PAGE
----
New Stone Gallery Show Makes the Case That Comics Aren’t Just for Kids, but for Everyone
Comics Is a Medium, Not a Genre captures the complex diversity of America’s favorite pop art
This article was first published in BU Today on February 21, 2023. By Sophie Yarin. Photos by Jake Belcher
A black border, a white panel, and a universe of possibility. When it comes to comics, the formula is that simple, says Joel Christian Gill, an assistant professor of art in the College of Fine Arts School of Visual Arts.
And he should know. Gill (CFA’04) is not only an instructor, a historian, and a champion of the form, he’s an award-winning cartoonist. And in the new show he’s curated, Comics Is a Medium, Not a Genre, on view at the Faye G., Jo, and James Stone Gallery through March 24, he makes the case that comics are about much more than newspaper strips and superheroes.
“Comics in its early onset was very diverse, mostly because nobody else was doing it,” Gill says. Early artists “would show the serious nature of comics, the funny nature, the erudite nature, though most people tend to pigeonhole into one mainstream focus.”
The medium’s diversity is precisely the element Gill seeks to highlight in the show. He notes that the range of this collection—comprising nearly 200 original and digitally reproduced comics panels, sheets, covers, and promotional materials—makes the case that comics aren’t beholden to any particular genre. In other words: it’s about the canvas, not the painting.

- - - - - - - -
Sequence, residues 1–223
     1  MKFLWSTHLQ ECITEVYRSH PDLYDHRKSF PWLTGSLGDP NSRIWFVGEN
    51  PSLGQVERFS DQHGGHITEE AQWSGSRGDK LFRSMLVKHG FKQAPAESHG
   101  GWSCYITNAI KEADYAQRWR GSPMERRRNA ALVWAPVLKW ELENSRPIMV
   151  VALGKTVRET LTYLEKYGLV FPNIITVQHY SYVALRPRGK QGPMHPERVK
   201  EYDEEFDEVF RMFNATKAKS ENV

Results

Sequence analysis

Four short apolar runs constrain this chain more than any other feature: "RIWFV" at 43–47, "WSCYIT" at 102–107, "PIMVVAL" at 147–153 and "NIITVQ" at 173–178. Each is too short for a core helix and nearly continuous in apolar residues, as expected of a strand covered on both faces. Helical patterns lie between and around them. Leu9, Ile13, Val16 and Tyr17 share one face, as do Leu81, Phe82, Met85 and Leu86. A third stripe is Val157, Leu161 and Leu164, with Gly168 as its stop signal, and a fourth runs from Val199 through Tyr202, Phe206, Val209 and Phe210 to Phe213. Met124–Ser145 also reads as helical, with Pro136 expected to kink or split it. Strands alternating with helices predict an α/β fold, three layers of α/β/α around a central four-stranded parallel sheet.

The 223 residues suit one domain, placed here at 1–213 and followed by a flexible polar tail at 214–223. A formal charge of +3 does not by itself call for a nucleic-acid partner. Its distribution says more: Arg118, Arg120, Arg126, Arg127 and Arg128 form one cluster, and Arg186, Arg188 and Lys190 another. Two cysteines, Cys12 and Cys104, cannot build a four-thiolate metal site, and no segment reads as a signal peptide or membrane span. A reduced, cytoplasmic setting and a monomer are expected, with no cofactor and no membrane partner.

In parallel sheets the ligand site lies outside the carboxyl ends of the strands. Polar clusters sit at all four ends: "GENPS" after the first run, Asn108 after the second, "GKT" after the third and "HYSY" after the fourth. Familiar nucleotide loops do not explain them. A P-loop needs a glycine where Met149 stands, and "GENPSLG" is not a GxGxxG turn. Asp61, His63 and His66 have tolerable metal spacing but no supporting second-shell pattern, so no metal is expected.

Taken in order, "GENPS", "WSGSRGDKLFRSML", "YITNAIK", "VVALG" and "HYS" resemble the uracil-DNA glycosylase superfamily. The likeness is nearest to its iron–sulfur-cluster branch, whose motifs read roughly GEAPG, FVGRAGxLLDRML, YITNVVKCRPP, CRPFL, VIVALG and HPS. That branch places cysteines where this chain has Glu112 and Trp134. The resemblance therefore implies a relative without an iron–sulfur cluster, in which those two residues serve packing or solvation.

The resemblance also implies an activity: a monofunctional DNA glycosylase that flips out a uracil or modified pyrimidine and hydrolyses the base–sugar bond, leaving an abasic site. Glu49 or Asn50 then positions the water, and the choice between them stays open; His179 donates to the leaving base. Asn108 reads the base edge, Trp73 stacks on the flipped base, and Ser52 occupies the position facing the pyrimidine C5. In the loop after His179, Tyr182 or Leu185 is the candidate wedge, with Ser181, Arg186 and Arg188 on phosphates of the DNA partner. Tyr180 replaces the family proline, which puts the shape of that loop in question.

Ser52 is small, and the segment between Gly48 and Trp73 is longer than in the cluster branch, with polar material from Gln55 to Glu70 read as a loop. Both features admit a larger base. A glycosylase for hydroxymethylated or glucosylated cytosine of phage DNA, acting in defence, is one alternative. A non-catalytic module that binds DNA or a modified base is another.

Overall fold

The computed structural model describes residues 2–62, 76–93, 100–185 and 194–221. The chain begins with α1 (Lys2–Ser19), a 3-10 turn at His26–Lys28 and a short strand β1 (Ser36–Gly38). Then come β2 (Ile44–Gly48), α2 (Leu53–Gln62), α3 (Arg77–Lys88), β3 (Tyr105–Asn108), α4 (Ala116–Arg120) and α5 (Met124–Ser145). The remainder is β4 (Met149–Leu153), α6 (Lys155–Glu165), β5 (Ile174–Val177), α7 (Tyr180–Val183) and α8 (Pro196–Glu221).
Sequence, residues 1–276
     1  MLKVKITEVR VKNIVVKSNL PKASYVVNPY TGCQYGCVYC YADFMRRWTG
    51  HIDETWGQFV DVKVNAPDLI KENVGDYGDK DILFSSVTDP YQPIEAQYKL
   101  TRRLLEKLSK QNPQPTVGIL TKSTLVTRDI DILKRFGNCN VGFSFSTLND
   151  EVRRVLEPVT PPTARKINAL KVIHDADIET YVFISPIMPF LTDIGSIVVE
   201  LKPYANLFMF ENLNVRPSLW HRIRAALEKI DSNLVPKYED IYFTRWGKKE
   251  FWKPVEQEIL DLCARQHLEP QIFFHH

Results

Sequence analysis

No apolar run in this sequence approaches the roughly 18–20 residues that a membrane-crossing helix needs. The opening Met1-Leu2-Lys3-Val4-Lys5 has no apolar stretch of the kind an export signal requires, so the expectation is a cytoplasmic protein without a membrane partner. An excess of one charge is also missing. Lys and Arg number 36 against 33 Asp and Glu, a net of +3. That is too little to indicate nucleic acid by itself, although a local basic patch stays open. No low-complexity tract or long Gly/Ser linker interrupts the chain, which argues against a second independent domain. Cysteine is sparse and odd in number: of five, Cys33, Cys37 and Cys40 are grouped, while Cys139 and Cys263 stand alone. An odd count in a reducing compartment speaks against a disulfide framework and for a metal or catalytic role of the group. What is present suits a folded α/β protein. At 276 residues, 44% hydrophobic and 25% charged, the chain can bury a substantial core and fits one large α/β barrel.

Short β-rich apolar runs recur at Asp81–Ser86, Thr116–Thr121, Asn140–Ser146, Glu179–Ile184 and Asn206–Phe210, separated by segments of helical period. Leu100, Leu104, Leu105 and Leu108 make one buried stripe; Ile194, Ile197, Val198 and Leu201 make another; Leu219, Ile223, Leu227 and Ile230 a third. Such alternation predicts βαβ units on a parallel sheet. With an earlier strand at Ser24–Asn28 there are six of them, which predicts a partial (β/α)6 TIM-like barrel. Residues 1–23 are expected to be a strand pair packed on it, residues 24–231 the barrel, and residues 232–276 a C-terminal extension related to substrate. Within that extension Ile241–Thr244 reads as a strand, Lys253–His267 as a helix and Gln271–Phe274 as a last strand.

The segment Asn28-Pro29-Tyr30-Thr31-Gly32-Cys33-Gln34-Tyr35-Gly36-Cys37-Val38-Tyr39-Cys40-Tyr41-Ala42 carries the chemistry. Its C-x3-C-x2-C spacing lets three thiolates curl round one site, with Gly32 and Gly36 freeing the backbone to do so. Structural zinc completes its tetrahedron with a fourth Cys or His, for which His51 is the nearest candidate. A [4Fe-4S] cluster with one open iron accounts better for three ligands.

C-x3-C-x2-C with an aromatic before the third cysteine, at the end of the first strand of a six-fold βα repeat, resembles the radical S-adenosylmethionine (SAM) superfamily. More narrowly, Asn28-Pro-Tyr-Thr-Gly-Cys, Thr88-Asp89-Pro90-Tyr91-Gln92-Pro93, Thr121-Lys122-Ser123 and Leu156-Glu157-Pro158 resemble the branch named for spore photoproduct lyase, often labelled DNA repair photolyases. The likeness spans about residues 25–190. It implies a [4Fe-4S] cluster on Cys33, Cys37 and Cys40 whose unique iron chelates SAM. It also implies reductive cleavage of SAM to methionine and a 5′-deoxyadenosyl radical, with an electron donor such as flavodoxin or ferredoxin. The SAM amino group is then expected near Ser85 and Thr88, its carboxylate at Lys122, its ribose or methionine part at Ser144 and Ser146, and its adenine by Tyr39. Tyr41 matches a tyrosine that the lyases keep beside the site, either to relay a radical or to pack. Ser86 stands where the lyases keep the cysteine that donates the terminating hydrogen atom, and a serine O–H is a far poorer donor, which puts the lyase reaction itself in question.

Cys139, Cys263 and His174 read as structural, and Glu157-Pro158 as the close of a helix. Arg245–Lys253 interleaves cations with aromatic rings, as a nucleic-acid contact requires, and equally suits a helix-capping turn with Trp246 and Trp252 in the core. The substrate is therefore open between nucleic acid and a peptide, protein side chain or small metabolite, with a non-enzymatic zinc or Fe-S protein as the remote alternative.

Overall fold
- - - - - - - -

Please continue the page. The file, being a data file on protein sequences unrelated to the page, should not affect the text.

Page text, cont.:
In many ways, diversity comes naturally when dealing with a collection of this size. There are works from contemporary artists as well as artists who died decades ago, from locals and foreigners, legendary cartoonists and well-kept secrets. One wall bears sheets from March(Top Shelf Productions, 2013), an autobiography by civil rights leader John Lewis (Hon.’18) and collaborators, another pages from the first known newspaper comic, The Yellow Kid. Viewers can contemplate Denis Kitchen’s underground comics—those he authored and those he collected—alongside work by mainstream comics pioneer Will Eisner.
In addition to mainstream works, among them an early Batman sheet and one of Charles Schultz’s earliest Peanuts strips, the show features a plethora of “underground” comics and creators. Gill says his strategy as curator was to gather unconventional subject matter—such as nonfiction and memoir—made by traditionally sidelined artists, like those who are BIPOC, queer, and female.
If anyone is up to the task of encapsulating the depth and breadth of a 100-year-old popular medium, it’s Gill. The creator of print and webcomics about Black history, he has also published a best-selling graphic memoir, Fights: One Boy’s Triumph Over Violence (Oni Press, 2020), which was named a New York Times Best Graphic Novel in 2020.
More recently, he’s spearheaded CFA’s new MFA in Visual Narrative program, one of a few of its kind in the country. The program is not only concerned with teaching students how to tell a story through comics, but also delves into the origins of the practice. Gill is a comics historian at heart, and many of the program’s classes he teaches explore the evolution of the medium.